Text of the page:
Hello, readers! Today I bring you a post about one of my favorite topics – FOOD!! This trip to Japan is the first time I’ve ever had to come up with and grocery shop for my own meals here, so I thought I might give you a peek into what it is like planning (and paying for!) meals in Japan. I’ve also been trying to incorporate healthier foods into my diet, so we’ll explore what healthy eating here looks like, too.
First, we’ll deflate a couple of common myths that Americans seem to have about food in Japan. One is that food is not NECESSARILY more expensive here than in the States. It really depends on what you are buying. Some things are significantly more expensive, while other things are significantly cheaper. We’ll go into more details about pricing later on.
Second, food is not NECESSARILY more healthy here than in the States. Again, it depends on what your choices are. There is a lot of seafood, and other “healthy” foods such as vegetables, tofu, and fermented foods. But if you’re looking for a lot of the foods that we consider healthy in America – multigrain items, whole wheat flour, low-carb snacks – forget it. There are LOTS of lightweight, nutritionally empty crackers, cookies, breads, and pastries here, but not many good options in the way of healthy snack foods.
Also, one final note: I’ll be writing prices in yen, but for the purpose of comparing them to American prices, 100 yen is ROUGHLY equal to one dollar. That is, 1 yen = 1 dollar. In reality, the yen has been strong compared to the dollar lately (I think that’s how you say it LOL) – for example, the exchange rate today is 100 yen to 90 U.S. cents. But for doing mental calculations, thinking of 100 yen as one dollar is pretty convenient.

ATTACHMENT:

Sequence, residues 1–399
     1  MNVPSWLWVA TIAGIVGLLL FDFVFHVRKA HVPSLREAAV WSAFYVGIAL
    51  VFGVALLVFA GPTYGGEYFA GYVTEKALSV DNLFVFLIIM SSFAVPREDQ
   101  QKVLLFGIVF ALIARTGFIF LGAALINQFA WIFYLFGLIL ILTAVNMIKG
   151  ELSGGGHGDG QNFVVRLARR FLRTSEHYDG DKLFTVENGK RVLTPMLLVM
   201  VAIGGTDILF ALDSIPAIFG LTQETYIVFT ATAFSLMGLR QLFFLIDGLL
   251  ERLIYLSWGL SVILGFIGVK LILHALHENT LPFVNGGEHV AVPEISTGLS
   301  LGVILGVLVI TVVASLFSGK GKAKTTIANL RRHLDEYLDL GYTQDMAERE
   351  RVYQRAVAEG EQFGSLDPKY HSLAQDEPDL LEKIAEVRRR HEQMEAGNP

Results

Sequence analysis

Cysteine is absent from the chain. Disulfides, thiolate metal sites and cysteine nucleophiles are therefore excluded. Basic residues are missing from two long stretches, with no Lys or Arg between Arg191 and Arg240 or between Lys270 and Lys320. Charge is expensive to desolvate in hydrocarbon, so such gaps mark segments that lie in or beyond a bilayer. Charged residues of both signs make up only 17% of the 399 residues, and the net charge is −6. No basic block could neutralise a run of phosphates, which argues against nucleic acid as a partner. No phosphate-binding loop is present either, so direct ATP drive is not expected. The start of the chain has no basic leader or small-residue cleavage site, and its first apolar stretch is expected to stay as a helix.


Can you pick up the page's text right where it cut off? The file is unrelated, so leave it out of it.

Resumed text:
So, without further ado, let’s explore some of the food items that you might find at the grocery store (or in my fridge!):
- Eggs. I eat a lot of eggs. Mostly because they’re fairly inexpensive – maybe around ¥160 for a carton of small eggs. They sell them in packs of ten here, though, not twelve!
- Tuna. Yes, they do have canned tuna here. It’s not very cheap, but sometimes I can catch it on sale.
- Fish. They have lots of fish varieties here – even more than I want to explore. (“No thanks” to the squid, eel, and fish eggs!) I usually do the easy thing and buy frozen fish that is already coated with bread crumbs. Then all I have to do is fry it up!
- Beef/chicken. Ground beef and chicken, as well as other cuts of beef and probably pork, are sold here. Honestly, I don’t pay a lot of attention because I don’t eat a ton of meat. It seems a little pricier here to me (and the packages are generally smaller), but if it’s on sale, I buy it.
- Tofu. I don’t know how much tofu costs in America, but here it is cheap, cheap, cheap! Usually around ¥60 per carton. I don’t normally go for tofu, but I’ve taken to eating it here occasionally just because it is so cost-effective. Plus, I hear it is healthy for you, too. 🙂
- Root vegetables. Like this miniscule bag of potatoes. (No 10-lb. bags of potatoes to be found here!) Root veggies like potatoes, onions, and carrots are about the only types of vegetables I’ve found that seem to be consistently cheap (at least of the types of vegetables that I eat). This bag cost ¥100.